Finally in the Frankfurt airport terminals, I was disappointed to see only gray skies and gray buildings. With my connecting flight in a little over two hours, however, I hadn’t much time to appreciate a view anyway. The next hour and a half was a jumble of high-speed navigating and endless queues. I finally found the correct terminal, and settled down to wait.
Thirty minutes went by, and then all business class and first class travelers were requested to board. Then nothing. Another fifteen minutes passed; according to my boarding pass (which I had printed at home the day before), economy class should have started boarding. I waited another five minutes, then checked the gate’s flight status. Instead of Basel, it read “Dusseldorf”. I realized the gate had been changed without me knowing. There was no one at the desk to ask, so I approached two friendly-looking pilots: “Entschuldigung, aber bin ich im richtigen Ort? Ich muss nach Basel fliegen.” The ladies looked at my ticket, grew alarmed on my behalf, and pointed me to a help desk across the way (I could have sworn it was empty before).
I repeated my question to the assistant at the help desk, and she quickly found my updated gate number. I asked her “bin ich zu spät?” but she reassured me I could make it.
As I rushed off to the next section of gates, I mentally complimented myself on using and understanding German during the entire emergency.
Four gates later, I saw with relief the gate to Basel. The assistants at the desk smiled at me–also relieved–and called out: “Frau Schmitt?”
“Ja,” I gasped and handed them my boarding pass. They ushered me downstairs, where a shuttle was waiting for its last–and late–passenger. A kind man offered me his seat, and I sat embarrassed as we drove to the plane.
My second Lufthansa experience was vastly different than the first. The plane was much smaller this time, and my backpack was slightly too deep to fit in the compartment overhead. My embarrassment grew, as my efforts were clearly visible to the sparsely populated plane. Thankfully, the flight was only half an hour, and I stuffed my gear under the seat in front of me.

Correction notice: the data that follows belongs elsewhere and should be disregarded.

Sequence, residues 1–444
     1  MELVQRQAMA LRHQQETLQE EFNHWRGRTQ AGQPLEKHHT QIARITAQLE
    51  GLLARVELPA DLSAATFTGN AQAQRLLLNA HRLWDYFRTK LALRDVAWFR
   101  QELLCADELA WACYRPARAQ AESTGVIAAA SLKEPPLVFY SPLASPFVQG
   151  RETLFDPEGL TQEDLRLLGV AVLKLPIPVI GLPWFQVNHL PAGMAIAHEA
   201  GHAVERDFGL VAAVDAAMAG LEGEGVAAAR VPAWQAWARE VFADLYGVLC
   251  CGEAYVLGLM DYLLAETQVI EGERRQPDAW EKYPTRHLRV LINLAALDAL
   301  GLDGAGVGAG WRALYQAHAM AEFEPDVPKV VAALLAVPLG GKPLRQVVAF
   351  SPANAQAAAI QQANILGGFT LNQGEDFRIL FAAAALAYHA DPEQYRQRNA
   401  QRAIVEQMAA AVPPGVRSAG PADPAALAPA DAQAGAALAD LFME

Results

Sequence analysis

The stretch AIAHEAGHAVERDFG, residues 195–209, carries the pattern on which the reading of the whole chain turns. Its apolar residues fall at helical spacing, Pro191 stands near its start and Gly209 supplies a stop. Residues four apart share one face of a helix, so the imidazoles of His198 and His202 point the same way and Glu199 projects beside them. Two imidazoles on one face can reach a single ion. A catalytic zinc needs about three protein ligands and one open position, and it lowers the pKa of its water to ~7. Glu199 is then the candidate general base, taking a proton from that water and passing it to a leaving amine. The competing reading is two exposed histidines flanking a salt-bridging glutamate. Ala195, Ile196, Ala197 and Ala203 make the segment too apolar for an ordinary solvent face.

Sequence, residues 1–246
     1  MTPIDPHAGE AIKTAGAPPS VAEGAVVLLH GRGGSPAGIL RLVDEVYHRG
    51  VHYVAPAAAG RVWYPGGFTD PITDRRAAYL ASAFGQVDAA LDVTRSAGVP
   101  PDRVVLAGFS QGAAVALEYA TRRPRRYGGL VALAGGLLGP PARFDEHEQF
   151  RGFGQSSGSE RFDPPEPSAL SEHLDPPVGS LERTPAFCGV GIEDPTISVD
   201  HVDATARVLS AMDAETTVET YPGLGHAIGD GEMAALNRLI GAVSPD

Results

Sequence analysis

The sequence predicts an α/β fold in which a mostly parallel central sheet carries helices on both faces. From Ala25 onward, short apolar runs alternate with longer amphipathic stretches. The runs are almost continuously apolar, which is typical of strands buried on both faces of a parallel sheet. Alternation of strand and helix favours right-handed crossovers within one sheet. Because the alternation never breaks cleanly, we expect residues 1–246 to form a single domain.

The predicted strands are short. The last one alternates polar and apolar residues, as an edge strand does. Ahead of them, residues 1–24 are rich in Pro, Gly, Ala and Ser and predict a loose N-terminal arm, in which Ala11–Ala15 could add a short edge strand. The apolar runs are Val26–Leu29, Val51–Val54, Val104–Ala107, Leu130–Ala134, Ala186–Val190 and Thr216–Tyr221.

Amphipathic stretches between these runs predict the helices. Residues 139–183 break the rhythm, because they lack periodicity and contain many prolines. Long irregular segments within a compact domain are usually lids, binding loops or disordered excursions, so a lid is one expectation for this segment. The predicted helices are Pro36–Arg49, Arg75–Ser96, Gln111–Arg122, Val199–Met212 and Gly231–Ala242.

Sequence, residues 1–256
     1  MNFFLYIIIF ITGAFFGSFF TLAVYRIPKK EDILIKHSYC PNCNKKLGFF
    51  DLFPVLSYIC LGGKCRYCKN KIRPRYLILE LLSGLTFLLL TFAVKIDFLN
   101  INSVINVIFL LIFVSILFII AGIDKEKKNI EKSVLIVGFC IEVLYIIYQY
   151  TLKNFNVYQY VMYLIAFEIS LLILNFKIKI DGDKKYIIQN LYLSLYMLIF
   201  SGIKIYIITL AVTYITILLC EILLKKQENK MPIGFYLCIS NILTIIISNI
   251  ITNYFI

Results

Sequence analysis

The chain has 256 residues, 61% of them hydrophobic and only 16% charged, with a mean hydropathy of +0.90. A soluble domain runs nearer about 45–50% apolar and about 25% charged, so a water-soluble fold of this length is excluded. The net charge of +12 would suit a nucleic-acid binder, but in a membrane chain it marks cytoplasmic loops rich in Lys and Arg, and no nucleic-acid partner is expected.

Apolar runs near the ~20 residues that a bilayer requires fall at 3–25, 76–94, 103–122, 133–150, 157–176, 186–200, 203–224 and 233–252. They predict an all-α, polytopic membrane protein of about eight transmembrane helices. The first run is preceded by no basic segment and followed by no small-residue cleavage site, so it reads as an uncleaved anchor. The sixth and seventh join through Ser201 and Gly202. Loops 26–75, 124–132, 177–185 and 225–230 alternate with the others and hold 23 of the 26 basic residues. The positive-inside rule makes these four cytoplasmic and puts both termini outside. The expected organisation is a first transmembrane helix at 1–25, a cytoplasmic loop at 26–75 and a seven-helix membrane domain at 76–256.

We received small snack bars, and as I munched, I watched the flight attendants demonstrate safety procedures (a task relegated to the TVs on the 747). All of this paled to the fact that I could now look out a window. The tops of clouds in the purest white, the gradual appearance of hills and mountains, and–as we descended–medieval houses; all of these sights took away my disappointment from before. Even though the smaller plane was much simpler than the fancy 747, I think I preferred the basic version. The attendants seemed more personable, and the trip more organic. Except for the TV series Lost, adventures are just more likely to happen on small planes.
I sat once more next to a gentleman who has traveled a bunch. Nimrod is from Israel, and helps with research for treating heart arrhythmia. His job requires him to visit countries for lectures, although he’d prefer to stay at home. He talked about life growing up in Israel, explaining that there was always pressure to perform well. “With all the stress from school and the military [many Israelis are required to serve], most young Israelis decide to travel for a while, as a break,” he explained. “But I didn’t do that.”
“Well, I guess you kind of get to do that now, with your job.”
“Yeah, I guess,” he smiled. He went on say that the U.S. news fails to capture the complexity of the Israel-Palestine issue and misrepresents the Israeli military. Because terrorists blend well in civilian communities, the military is cautious not to harm innocent lives as much as possible. However, this hesitancy has lead to the deaths of several of his friends.
This conversation reminded me that at the root of all political disputes, individual lives pay the cost. It’s easy to take one side or the other, but in reality, the situation is rarely ever black-and-white.
The plane landed in Basel, and I caught promising glimpses of old architecture in a nearby town. The airport was deserted at 1 p.m., and I quickly met up with my host, who had come to take me to her home.
To avoid jet lag, I managed to stay up until about 10 p.m. local time, even though I had only a few hours sleep on the plane the night before. So far my strategy has been working well, though I’m growing tired now. I’d just love to tell you about my first hike in the Black Forest or our ever-so-casual drive over the Rhein, but that will have to wait for the next post.